Libertyville’s Sedrik Newbern writes book about forgiving his father
Sedrick Newbern, who owns an Allstate agency in downtown Libertyville, wrote a book about his relationship with his father on Thursday, June 7, 2012 in Libertyville. | Joel Lerner~Sun-Times Media
NAME: Sedrik Newbern
OCCUPATION: Allstate agent in Libertyville; also owns marketing consultant business
WORDS TO LIVE BY: Life is 10 percent what happens to me, 90 percent of how I react to it
Updated: July 15, 2012 6:13AM
Sedrik Newbern has dedicated himself to being the best father he can be for his four-year-old son, Matthew.
Growing up in a household without a father at an early age, Newbern knows how difficult it can be -- and he’s determined not to repeat the same mistakes with his own son.
“Watching him grow up and seeing so much of myself in him makes me realize how important fathership is,” said Newbern, who works as an Allstate insurance agent in Libertyville. “I’ve made a lot of decisions in the last five years, all of which relate to my son and my wife. I don’t want to be an absent dad.”
Newbern, whose own father left his mother when he was only nine months old, has written a new book on the complex relationship with his father and the importance of forgiveness. The book, which is self-published, is entitled “Unconditional Forgiveness: Lessons on Letting Go to Build Better Relationships,” is scheduled to come out over Father’s Day weekend and can be purchased on amazon.com or via Kindle.
Newbern, who grew up with his mother in Tennessee, remembers seeing his father for the first time when he five years old when his father came for a visit from California.
‘Great but awkward’
“He brought me this life-sized Mickey Mouse,” said Newbern. “That was the first time I remember seeing him. It was great, but it was awkward.”
Eventually, his dad started becoming a bigger part of his life, inviting him to California over summer vacations or on holidays.
“I spent a lot more time with him and got to know Dad,” he said.
His father eventually remarried and had two more children of his own. Finally, after graduating from high school at age 18, Newbern had a long talk with his dad and forgave him for the mistakes he had made early in his life.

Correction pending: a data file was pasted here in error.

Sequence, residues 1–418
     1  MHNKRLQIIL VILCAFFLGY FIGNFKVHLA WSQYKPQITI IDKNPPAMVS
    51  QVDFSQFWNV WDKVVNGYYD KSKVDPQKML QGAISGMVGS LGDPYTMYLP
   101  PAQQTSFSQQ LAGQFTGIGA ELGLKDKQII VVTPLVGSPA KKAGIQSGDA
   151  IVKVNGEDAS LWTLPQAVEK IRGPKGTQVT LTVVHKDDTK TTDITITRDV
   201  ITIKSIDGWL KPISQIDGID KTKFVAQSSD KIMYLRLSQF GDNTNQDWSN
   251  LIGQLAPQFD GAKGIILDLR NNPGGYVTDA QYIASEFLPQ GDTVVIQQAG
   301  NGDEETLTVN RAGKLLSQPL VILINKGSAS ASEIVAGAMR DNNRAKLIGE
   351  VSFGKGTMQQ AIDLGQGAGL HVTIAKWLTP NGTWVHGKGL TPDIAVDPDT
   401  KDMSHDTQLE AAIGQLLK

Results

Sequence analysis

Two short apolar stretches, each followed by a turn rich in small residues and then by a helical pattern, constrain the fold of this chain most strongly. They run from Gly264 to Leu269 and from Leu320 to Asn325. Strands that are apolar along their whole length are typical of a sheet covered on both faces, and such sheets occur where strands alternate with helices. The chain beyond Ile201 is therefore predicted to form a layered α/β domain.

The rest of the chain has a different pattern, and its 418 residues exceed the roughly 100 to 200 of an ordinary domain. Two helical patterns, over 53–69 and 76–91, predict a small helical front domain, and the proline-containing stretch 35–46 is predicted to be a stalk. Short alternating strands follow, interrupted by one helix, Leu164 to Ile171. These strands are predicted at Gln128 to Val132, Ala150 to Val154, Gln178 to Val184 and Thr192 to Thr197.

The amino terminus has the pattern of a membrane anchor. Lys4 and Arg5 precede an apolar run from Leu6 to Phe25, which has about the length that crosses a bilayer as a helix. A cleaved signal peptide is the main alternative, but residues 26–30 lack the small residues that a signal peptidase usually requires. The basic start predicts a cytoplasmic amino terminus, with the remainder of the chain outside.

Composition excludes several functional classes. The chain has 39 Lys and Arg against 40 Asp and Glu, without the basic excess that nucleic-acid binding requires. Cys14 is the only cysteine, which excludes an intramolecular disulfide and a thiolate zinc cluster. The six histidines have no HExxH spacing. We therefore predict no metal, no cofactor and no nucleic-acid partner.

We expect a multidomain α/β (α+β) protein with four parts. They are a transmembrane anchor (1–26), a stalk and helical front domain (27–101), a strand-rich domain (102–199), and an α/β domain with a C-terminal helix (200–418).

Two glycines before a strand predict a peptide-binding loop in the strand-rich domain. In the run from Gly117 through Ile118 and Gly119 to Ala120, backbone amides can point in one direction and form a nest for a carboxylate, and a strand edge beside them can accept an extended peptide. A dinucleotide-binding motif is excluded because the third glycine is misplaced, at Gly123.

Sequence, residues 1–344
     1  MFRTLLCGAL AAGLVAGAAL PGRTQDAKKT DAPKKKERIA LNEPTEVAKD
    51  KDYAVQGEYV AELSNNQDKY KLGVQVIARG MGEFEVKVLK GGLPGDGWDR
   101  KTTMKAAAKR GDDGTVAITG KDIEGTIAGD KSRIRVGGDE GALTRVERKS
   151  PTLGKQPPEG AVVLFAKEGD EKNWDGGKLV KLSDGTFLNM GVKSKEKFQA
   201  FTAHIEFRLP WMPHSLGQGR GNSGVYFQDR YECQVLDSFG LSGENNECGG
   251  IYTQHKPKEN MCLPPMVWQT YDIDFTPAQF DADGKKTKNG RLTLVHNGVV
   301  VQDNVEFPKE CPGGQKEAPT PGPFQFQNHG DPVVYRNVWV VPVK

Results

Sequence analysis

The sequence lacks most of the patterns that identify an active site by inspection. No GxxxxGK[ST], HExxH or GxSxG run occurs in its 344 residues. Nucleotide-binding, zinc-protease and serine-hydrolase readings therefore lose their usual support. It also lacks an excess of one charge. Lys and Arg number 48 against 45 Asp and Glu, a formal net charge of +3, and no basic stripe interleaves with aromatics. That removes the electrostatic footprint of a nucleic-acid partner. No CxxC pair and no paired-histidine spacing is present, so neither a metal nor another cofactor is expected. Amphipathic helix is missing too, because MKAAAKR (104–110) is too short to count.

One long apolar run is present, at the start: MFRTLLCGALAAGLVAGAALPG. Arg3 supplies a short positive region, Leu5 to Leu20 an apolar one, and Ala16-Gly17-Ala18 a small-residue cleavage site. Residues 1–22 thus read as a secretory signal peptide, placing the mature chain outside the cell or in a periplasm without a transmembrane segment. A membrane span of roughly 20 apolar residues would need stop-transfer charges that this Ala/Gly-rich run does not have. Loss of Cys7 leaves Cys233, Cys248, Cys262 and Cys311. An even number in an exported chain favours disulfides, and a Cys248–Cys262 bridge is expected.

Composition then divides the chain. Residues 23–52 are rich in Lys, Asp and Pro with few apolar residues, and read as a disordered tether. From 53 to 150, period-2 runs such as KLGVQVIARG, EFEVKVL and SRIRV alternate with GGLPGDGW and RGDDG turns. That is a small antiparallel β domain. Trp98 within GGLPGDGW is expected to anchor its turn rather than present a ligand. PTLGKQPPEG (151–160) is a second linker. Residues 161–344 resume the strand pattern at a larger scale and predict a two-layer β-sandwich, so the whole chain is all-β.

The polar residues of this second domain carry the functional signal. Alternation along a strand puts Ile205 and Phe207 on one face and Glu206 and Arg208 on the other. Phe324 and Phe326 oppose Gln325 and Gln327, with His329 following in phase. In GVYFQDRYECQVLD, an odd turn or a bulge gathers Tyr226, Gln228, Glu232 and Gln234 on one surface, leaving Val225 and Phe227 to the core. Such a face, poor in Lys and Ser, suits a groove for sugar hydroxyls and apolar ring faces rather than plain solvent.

“I said ‘Dad you were only 24 years old when you had me and I can’t imagine how difficult it was to have a child at such a young age. I forgive you for leaving me as a kid and I forgive you for all the mistakes you made,’” said Newbern. “My Dad said he was sorry for everything. It was a very emotional moment for both of us. At that moment, I could see the relief on us face because my Dad finally forgave himself.”
In recent years, he’s become even closer with his father.
“My Dad and I are now the best of friends,” he said.
Newbern emphasizes he is not a child psychologist or a relationship expert but just a man who is sharing his thoughts on the importance of fatherhood.
“Kids just want their dad,” he said. “They want their dad to be there when they ride a bike or to teach them to shave. Those were the things that were important to me.”
The book is not only about his relationship with his father but also his relationship with his own son. He also talks in the book about the importance of forgiveness and letting go in healing any broken relationship.
“Hopefully, with this book, more people can come full circles with their fathers,” he said. “Mother’s Day is such a huge holiday. We should also spend more time celebrating good fathers and recognizing the ones that have made mistakes.”
Newbern wouldn’t replace his relationship with his own son for anything. Like other kids, Matthew loves Super Heroes and likes and playing Wii and sports with his dad. Matthew calls his father the “Best Dad Ever Made.”